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For Grades 9-12 , week of Nov. 14, 2022

1. Mega-Money

The 2022 midterm elections have been among the most heated and divisive in American history. They also have been the most expensive. Total spending by candidates for state and national offices is projected to exceed $16.7-billion — and millions more will be spent on the Georgia runoff election that could determine the final makeup of the U.S. Senate. The Georgia race is already the second most expensive contest in the midterms, according to the OpenSecrets watchdog group. In fact, with the U.S. Senate evenly divided between Democrats and Republicans all five of the most expensive races this year were for Senate seats. Pennsylvania led the way with nearly $375-million in spending. Georgia was second at more than $270-million, followed by Arizona at nearly $235-million, Wisconsin at more than $205-million and Ohio at more than $202-million. All of the most expensive Senate races were rated by political experts as “toss-up” competitions that either the Republicans or Democrats could win. The cost of political campaigns continues to go up and up, with wealthy individuals, corporations and independent groups now allowed to spend unlimited amounts of money in support of candidates. A great deal of that money goes into TV advertising, much of it portraying one candidate or another in a negative way. In the newspaper or online, find and closely read stories about rising campaign spending, and the U.S. Supreme Court ruling that expanded opportunities to spend. Use what you read to write a political column discussing the effect of unlimited spending and whether there should be limits, or not.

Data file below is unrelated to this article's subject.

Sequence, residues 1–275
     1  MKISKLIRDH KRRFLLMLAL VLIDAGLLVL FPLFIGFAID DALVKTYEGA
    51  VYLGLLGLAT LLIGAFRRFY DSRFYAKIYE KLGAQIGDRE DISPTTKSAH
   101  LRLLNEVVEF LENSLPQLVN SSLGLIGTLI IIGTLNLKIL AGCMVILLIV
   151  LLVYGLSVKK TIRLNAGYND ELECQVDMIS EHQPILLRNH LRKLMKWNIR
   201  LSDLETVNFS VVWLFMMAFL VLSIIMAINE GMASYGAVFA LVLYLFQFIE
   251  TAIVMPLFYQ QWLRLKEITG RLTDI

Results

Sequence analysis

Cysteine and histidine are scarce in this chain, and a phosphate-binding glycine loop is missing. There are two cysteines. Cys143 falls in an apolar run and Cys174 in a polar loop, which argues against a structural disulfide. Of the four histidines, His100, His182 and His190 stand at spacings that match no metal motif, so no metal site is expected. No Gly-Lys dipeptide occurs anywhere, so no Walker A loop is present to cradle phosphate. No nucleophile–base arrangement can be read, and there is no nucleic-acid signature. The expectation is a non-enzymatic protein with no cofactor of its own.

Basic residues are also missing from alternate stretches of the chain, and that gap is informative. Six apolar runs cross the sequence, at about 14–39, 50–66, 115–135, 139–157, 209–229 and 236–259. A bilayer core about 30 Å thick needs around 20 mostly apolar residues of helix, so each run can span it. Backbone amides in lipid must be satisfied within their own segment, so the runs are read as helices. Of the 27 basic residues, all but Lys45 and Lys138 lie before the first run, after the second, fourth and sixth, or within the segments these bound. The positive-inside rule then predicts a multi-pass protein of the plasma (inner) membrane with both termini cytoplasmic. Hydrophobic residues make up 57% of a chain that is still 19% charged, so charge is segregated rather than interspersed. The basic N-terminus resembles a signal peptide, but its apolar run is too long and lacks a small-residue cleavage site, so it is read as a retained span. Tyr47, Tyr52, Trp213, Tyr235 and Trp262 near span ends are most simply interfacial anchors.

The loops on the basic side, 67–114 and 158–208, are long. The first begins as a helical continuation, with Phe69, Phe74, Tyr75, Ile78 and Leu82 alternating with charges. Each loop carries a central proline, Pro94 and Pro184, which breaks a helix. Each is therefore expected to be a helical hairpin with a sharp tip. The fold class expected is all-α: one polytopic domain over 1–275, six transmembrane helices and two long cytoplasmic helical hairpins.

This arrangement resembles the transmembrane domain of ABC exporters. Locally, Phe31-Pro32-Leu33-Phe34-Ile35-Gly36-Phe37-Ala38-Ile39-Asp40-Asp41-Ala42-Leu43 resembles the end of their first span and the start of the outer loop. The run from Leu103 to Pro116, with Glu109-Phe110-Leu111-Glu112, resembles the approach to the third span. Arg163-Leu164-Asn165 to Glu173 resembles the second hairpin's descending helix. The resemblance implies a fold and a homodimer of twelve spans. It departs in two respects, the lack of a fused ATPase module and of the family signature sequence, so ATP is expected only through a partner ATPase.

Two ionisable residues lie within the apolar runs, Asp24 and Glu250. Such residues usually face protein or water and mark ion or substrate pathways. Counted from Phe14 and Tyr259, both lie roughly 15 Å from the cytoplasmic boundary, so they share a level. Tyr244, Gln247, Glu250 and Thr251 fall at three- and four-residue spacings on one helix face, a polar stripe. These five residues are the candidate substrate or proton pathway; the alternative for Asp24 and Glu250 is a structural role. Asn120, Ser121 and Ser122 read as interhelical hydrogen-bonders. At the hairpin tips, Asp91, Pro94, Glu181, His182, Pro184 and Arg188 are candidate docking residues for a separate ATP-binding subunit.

Common Core State Standards: Writing opinion pieces on topics or texts, supporting a point of view with reasons and information; reading closely what a text says explicitly and to make logical inferences from it.

2. Changing America